Proceeding along two main tracks – the Strategic Clean Energy Partnership and the Climate Action and Finance Mobilization Dialogue – the partnership thus offers a plethora of opportunities for climate finance, with both countries keen to demonstrate how the world can align swift climate action with inclusive and resilient economic development.
“Strong financial support and timely policy interventions from the Government of India have played a crucial role in accelerating the growth of the country’s renewable energy sector. But given current rates of penetration and the overall health of the sector combined with slowdown created by the COVID-19 pandemic, the government will have to find new and alternative ways to finance the transition and incentivize private sector participation to scale up investments for a sustainable and transformational impact,” said Mahua Acharya, Jolly Sinha, Shreyans Jain and Rajashree Padmanabhi.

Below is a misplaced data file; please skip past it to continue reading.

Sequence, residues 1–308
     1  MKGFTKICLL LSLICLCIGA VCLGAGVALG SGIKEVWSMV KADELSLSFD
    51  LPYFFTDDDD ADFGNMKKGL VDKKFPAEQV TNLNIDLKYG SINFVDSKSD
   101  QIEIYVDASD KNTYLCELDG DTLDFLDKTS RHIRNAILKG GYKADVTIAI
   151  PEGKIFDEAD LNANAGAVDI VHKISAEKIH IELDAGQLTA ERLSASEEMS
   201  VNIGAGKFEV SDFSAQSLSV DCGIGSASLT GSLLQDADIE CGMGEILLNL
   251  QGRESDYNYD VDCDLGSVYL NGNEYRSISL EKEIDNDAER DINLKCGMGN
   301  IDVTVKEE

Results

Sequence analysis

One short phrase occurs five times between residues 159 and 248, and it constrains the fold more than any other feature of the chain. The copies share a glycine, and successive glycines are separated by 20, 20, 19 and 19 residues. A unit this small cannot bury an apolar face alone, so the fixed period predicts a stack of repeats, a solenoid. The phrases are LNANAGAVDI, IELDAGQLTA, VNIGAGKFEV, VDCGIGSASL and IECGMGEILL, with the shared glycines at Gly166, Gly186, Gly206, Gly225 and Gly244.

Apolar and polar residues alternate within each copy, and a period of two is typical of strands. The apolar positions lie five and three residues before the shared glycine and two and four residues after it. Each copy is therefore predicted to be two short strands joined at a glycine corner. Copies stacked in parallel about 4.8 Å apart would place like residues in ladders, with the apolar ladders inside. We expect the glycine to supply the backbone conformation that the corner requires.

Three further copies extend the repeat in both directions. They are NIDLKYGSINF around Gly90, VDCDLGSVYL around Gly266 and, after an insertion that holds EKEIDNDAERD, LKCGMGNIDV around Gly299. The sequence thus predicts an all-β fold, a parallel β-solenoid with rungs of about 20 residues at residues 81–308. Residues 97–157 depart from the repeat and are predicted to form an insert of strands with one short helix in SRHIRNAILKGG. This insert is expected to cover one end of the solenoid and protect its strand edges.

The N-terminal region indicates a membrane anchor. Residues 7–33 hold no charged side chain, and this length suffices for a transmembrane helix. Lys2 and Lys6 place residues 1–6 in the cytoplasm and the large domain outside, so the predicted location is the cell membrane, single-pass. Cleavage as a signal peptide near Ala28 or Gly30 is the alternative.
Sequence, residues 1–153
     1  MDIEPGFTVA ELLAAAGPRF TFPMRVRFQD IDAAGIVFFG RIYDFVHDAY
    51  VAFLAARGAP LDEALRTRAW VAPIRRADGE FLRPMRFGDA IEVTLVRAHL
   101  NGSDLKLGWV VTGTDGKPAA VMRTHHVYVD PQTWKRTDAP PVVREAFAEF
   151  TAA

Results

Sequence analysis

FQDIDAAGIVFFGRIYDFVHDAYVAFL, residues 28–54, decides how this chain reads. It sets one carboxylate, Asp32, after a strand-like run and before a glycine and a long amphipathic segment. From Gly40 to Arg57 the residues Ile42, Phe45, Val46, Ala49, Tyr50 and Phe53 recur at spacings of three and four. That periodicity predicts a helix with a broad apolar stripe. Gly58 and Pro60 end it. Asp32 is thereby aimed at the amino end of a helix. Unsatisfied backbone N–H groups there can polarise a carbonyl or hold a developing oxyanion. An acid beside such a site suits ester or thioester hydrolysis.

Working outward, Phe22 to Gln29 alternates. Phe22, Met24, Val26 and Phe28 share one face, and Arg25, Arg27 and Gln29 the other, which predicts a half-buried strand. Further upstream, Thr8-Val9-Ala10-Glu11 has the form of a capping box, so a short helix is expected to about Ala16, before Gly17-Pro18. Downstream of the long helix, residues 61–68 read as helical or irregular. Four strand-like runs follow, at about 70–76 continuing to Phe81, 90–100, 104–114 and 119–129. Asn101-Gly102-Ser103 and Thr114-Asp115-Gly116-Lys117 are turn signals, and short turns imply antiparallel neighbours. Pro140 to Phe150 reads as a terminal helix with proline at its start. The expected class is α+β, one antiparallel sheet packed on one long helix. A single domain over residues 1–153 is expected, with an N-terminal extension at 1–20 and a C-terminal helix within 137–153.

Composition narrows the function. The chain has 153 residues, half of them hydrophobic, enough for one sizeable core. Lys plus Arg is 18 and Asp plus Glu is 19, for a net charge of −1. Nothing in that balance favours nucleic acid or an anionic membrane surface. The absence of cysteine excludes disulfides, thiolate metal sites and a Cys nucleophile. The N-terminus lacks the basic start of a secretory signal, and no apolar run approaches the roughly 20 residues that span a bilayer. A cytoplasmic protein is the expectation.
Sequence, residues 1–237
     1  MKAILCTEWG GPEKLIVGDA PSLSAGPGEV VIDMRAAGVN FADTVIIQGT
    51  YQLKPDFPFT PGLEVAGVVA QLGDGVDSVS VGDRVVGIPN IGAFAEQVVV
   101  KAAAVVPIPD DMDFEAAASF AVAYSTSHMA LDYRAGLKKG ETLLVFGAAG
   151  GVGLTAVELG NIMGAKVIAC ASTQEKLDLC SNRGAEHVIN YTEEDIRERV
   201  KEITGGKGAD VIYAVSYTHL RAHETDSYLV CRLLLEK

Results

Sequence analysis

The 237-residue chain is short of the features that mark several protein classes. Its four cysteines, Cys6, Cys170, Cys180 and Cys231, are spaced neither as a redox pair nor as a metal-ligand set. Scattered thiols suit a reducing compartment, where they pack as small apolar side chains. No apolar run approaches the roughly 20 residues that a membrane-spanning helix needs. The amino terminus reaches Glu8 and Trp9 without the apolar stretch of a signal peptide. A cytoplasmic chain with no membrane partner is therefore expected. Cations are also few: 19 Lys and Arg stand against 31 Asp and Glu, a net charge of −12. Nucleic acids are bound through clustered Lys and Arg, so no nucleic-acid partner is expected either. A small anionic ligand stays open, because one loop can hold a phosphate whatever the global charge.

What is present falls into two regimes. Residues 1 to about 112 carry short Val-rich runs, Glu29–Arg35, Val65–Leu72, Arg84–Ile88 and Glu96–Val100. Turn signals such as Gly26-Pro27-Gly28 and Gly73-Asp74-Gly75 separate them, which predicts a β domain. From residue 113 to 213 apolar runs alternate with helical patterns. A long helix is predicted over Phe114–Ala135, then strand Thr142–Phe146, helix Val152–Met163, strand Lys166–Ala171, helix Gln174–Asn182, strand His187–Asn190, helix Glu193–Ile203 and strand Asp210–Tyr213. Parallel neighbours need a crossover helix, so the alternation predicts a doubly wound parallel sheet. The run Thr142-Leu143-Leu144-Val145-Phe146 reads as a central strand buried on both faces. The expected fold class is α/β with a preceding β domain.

“International finance is also likely to come with ‘green strings’ attached. Therefore, identifying and analyzing key sources of finance, the instruments used for mobilizing and disbursing funds, and their ultimate beneficiaries become critical for diagnosis, planning and monitoring green investments in the country,” the economists wrote in a policy paper for Climate Policy Initiative.